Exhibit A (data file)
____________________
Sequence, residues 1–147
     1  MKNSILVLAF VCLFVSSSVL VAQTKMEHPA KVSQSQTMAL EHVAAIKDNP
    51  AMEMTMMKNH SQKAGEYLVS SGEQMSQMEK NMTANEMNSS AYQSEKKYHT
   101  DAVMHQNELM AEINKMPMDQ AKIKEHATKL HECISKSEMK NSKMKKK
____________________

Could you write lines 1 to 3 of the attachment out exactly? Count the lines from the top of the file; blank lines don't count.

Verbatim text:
Sequence, residues 1–147
     1  MKNSILVLAF VCLFVSSSVL VAQTKMEHPA KVSQSQTMAL EHVAAIKDNP
    51  AMEMTMMKNH SQKAGEYLVS SGEQMSQMEK NMTANEMNSS AYQSEKKYHT